|Publication number||US7840023 B2|
|Application number||US 11/525,768|
|Publication date||Nov 23, 2010|
|Filing date||Sep 22, 2006|
|Priority date||Sep 27, 2002|
|Also published as||EP1547432A1, US7123736, US20040203494, US20070014424, WO2004030402A1|
|Publication number||11525768, 525768, US 7840023 B2, US 7840023B2, US-B2-7840023, US7840023 B2, US7840023B2|
|Inventors||William Chris Eaton|
|Original Assignee||Sony Ericsson Mobile Communications Ab|
|Export Citation||BiBTeX, EndNote, RefMan|
|Patent Citations (19), Non-Patent Citations (2), Referenced by (1), Classifications (10), Legal Events (1)|
|External Links: USPTO, USPTO Assignment, Espacenet|
This application claims priority to and is a continuation of parent application Ser. No. 10/256,745, filed Sep. 27, 2002, now U.S. Pat. No. 7,123,736 the disclosure of which is hereby incorporated herein by reference.
The present invention relates to speaker assemblies for personal use such as in cellular telephones and, more particularly, to tuned micro-speaker assemblies.
Manufacturers and designers of personal electronic devices, such as cellular radio telephones, frequently seek to reduce the overall dimensions of such devices while maintaining attractive style characteristics for the devices. One consequence of the reduced size for such devices that include a speaker is that less space may be available for the speaker. Furthermore, a variety of audio signal generation capabilities may be desired in such personal electronic devices including buzzers, voice signal generation and/or music or other higher frequency band signal reproduction and playback.
As the space available for the hardware supporting the audio signal generation capabilities decreases in the personal electronic devices, it may become more difficult to support multiple sound emitting output devices and the space available for each such device may become smaller. Furthermore, increased functionality in such personal electronic devices may require more of the reduced available space to be utilized for other functionality of the device. The reduction in the size of the audio output devices may also increase the difficulty of providing a desirable loudness level for signals, such as buzzer alert signals. In addition, to the extent features of the audio output device(s) are presented externally on the personal electronic device, the impact of those features on the appearance of the product and the flexibility to place such visible features at different locations on the device may become important.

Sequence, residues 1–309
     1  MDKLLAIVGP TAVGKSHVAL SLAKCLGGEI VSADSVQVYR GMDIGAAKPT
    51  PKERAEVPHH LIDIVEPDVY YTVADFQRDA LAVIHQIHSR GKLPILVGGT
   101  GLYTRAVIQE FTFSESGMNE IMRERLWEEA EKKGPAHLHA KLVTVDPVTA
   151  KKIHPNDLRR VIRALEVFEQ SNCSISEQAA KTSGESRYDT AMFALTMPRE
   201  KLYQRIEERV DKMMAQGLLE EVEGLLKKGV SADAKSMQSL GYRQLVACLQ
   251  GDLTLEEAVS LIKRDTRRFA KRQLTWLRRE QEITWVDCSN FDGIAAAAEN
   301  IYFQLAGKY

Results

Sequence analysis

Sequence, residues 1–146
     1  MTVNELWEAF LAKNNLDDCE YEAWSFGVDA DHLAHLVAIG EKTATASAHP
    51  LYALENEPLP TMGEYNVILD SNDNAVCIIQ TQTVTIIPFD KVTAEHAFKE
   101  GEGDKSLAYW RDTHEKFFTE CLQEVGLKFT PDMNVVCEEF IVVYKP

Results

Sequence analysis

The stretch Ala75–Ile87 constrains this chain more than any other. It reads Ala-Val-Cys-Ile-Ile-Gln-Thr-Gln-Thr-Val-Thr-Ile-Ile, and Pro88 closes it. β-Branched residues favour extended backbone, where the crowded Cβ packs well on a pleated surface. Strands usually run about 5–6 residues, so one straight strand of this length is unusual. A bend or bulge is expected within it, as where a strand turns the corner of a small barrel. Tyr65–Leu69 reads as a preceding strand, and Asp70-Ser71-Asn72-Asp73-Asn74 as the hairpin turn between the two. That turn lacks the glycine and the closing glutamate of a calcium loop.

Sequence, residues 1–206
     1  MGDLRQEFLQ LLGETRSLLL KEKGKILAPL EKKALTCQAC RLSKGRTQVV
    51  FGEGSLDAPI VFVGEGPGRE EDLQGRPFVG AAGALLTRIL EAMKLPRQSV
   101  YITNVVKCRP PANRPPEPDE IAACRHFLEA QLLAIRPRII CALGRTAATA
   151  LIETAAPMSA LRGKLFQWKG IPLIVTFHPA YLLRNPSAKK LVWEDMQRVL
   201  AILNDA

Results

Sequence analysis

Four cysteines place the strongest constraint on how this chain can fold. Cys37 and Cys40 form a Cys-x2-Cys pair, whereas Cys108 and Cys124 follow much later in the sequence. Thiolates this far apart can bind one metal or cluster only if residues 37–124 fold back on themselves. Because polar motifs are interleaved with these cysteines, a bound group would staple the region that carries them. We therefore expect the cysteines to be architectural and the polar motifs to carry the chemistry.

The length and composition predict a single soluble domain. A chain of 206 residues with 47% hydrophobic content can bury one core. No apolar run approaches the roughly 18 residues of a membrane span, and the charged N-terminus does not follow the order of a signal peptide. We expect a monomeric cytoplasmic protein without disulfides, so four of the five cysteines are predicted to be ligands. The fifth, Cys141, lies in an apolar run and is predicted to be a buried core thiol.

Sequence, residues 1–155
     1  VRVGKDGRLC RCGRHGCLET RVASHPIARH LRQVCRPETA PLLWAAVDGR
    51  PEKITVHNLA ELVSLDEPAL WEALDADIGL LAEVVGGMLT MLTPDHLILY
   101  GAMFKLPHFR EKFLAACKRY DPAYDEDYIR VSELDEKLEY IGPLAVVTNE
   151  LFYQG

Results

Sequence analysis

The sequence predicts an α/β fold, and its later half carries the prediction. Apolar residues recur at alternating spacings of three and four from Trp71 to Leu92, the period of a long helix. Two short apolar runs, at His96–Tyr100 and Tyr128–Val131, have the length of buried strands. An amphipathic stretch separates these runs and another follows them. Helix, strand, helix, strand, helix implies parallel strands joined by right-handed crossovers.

For audio performance, it is known to use a speaker having relatively uniform frequency characteristics in the 300 hertz (Hz) to 3400 Hz voice frequency band. Where music or other complex signals are provided by the device, a speaker with a frequency range providing a bandwidth up to at least about 8000 Hz may be used. In addition, louder alert signals may be provided in various personal electronic devices.
Embodiments of the present invention provide micro-speaker assemblies and mobile terminals including micro-speaker assemblies. The micro-speaker assemblies include a micro-speaker positioned in a housing. A first forward tuning volume is positioned adjacent a front face of the micro-speaker. A passageway extends from the first forward tuning volume to an opening in the housing. A second forward tuning volume in fluid communication with the passageway is positioned at a location between the first forward tuning volume and the opening in the housing. The second forward tuning volume, the first forward tuning volume and the passageway define a double-resonator that tunes a frequency response of the micro-speaker.
In other embodiments of the present invention, micro-speaker assemblies are provided including a micro-speaker positioned in a housing. A double-resonator acoustically coupled to the micro-speaker has a first resonance frequency at an alert frequency above the voice frequency band and a second resonance frequency above the first resonance frequency. The first resonance frequency may be between about 3400 hertz (Hz) and 5000 Hz and the second resonance frequency may be between about 4000 Hz and about 10000 Hz. In particular embodiments of the present invention, the first resonance frequency is between about 3000 hertz (Hz) and about 4000 Hz and the second resonance frequency is between about 6000 Hz and about 8000 Hz.